Active Knee Support

    Whether you're a serious athlete, an active person who does not want pain or injury to interfere with the things you love to do or a worker recovering from an injury, GenuTrain knee braces are for you. They help you regain mobility, ease pain, stimulate healing, and ensure that any swelling subsides quickly.

    Be Comfortable & Active

    Bauerfeind's soft knit fabric makes the support stretchy and comfortable. Because it’s breathable, it keeps sweat away from your skin, unlike Neoprene and other inferior materials. Our braces are machine washable in the gentle cycle which helps maintain its elasticity and original fit. Don’t bend and cave to knee pain; overcome it, with a GenuTrain knee brace and support by Bauerfeind.

    Features

    • Stabilizes the knee joint
    • Relieves the kneecap and reduces pain
    • Promotes the absorption of edema and effusions
    • Integrated donning aids
    • Anatomically designed for ultimate wearing comfort

    Components

    • Spiral stays - Located on the sides of the brace, the stays ensure the support fits snugly and retains its shape.
    • Cushioning - Extra-soft in the hollow of the knee for maximum comfort and flexibility.
    • Knit fabric - Breathable knit is comfortable to wear and keeps moisture away from the body. The brace is machine washable in the gentle cycle, which helps maintain its elasticity and original fit.
    • Viscoelastic Omega pad - Surrounds and cushions the kneecap to relieve pain in the knee and connective tissue.
    • Meniscus wings - Relieve pain
    • Soft “Hoffa” pads below kneecap - Exerts light support to relieve pressure on common pain spots.

    Treatment of

    • Sprains
    • Strains
    • Tendinitis
    • Tendomyopahy
    • Swelling
    • Pain
    • Jumpers Knee
    • Runners Knee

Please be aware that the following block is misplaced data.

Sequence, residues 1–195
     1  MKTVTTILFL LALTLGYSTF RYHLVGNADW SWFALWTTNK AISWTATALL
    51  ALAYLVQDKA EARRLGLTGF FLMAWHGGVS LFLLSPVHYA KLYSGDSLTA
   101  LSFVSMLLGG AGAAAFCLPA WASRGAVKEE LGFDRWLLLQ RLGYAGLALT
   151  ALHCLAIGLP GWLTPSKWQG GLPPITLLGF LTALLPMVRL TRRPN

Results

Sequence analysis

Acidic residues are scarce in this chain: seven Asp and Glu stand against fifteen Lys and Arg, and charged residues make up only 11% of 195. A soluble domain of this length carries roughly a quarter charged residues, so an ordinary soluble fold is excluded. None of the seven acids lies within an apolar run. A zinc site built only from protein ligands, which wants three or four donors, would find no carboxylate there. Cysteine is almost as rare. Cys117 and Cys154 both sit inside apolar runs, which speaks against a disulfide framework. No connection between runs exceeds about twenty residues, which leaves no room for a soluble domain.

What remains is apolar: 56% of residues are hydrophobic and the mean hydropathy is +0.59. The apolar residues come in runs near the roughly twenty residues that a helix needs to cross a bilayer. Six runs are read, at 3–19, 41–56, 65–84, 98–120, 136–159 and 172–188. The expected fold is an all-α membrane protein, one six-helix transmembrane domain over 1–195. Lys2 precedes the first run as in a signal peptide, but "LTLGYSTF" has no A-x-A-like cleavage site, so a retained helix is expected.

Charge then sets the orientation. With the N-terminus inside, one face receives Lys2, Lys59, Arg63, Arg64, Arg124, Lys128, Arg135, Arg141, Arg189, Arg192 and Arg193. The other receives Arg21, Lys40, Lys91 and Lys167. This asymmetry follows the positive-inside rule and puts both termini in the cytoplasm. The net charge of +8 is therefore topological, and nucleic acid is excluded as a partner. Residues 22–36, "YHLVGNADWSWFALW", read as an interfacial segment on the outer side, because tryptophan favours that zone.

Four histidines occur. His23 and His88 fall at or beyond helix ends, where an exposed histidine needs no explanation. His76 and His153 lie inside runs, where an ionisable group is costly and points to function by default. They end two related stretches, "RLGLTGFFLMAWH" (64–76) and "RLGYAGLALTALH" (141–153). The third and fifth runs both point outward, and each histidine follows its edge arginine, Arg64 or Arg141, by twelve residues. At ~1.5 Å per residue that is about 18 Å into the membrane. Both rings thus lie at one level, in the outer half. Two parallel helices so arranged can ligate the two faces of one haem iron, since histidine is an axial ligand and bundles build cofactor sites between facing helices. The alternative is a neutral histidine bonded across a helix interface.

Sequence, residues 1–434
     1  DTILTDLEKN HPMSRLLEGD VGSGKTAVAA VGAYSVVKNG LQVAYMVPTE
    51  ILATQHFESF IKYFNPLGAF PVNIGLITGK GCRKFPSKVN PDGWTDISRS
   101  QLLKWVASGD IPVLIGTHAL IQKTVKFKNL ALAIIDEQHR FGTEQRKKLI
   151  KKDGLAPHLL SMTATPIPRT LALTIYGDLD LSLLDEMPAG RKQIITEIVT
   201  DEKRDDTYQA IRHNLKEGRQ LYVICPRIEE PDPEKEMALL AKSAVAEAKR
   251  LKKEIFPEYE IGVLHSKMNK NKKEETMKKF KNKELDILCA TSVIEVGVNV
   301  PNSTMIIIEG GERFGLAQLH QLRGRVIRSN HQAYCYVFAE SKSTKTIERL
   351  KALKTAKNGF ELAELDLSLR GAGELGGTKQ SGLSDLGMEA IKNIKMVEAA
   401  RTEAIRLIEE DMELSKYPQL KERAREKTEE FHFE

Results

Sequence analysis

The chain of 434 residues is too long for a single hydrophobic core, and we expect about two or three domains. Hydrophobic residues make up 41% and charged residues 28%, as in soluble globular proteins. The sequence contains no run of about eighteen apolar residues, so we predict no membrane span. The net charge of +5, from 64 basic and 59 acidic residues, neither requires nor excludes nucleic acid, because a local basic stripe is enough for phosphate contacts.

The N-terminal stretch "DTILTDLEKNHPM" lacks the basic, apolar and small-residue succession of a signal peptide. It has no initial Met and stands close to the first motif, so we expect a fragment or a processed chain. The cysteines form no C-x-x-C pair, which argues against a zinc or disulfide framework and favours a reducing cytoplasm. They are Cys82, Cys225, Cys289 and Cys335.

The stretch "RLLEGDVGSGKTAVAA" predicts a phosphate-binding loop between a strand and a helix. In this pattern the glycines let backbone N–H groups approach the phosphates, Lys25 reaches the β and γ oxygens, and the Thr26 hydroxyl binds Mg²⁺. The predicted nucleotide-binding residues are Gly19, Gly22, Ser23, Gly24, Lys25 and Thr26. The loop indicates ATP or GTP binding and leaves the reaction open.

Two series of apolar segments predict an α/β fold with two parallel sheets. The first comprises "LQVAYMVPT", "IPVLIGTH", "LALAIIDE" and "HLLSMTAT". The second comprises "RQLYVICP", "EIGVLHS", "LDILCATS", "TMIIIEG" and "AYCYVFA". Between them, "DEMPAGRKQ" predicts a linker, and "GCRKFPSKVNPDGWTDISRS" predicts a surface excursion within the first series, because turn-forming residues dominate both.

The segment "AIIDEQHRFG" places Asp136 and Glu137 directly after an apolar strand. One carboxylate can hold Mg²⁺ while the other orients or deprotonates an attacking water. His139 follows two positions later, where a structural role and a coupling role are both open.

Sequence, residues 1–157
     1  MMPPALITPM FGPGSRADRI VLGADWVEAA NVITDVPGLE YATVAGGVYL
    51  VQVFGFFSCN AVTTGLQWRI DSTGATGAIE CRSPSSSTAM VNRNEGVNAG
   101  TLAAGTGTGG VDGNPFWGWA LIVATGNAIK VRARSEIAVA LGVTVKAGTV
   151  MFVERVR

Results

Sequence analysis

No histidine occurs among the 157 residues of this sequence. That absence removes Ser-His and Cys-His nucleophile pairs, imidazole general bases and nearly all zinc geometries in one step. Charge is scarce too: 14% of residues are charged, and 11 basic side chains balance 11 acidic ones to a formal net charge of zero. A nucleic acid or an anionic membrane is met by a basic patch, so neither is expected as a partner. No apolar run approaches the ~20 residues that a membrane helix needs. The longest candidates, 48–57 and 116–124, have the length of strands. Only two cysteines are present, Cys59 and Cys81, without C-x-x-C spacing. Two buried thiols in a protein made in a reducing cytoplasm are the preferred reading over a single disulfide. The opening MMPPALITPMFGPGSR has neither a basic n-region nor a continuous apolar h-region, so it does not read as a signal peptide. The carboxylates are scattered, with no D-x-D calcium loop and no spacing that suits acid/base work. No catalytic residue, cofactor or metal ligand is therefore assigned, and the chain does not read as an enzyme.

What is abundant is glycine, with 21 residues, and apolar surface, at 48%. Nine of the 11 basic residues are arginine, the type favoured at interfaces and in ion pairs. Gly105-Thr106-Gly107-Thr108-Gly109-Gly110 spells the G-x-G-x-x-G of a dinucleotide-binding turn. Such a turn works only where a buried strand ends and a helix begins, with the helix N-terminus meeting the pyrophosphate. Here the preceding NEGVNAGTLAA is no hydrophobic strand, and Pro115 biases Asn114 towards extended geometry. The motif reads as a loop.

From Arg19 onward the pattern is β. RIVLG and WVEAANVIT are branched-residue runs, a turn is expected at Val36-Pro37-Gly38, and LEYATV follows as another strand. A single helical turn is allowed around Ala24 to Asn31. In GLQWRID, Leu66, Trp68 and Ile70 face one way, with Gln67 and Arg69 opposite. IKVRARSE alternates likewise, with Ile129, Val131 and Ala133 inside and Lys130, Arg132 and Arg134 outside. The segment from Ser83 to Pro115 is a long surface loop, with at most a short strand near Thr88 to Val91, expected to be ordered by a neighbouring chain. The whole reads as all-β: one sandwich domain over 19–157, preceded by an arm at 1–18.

• Feelings of Instability
    • Lateral Meniscus Tear
    • Osgood-Schlatters
    • Ligament Insertion Degeneration
    • Osteoarthritis
    • Arthritis
    • Post-Traumatic Irritation
    • Post-Operative Irritation
    • Recurrent Joint Effusion
    • Feeling of Instability
  • Why Do Athletes Have a Higher Pain Tolerance?

    Athletes often find themselves in the limelight for one of three reasons: success, failure, or injury. To avoid negative time in the spotlight, most athletes adopt a “play through the pain” mentality in order to give the impression that their bodies are not suffering during physically and mentally challenging activities.

    The Evidence

    Scientists have tried to research why athletes appear to experience pain differently. However, the research available is often inconsistent or lacking in solid evidence.

    Despite these validity concerns, a recent meta-analysis from the University of Heidelberg has concluded that athletes do in fact have a higher tolerance to pain than people who engage in normal levels of activity.

    The research team took a look at 15 studies from all over the world that focused on how athletes experience and respond to pain. They looked for consistencies as well as irregularities in all of the given studies before making their conclusion.

    The Research

    Scientifically speaking, athletes feel the same amount of pain that the rest of us do. It is their reaction and tolerance to that pain that is different. For example, a non-athlete who twists an ankle during an activity will be more likely to completely stop the activity immediately and seek treatment.

    An athlete will realize that they have twisted an ankle but she or he is more likely to take a brief moment to assess the injury, set the injury, and return to their activity. This issue of Pain® discusses the idea of stimuli and pain reactions in athletes in greater detail.

    An athlete’s type of sport does have an effect on their pain tolerance.  Athletes who engage in endurance based sports all have a similar reaction to pain, while athletes in game sports have less consistent reactions.

    One explanation for this offered by the researches is that endurance athletes tend to have similar physical and mental characteristics, while the profiles for game athletes are more diverse.

    This finding makes determining definitively whether athletes truly do possess stronger mind-over-matter abilities a challenge, but it does warrant further investigation.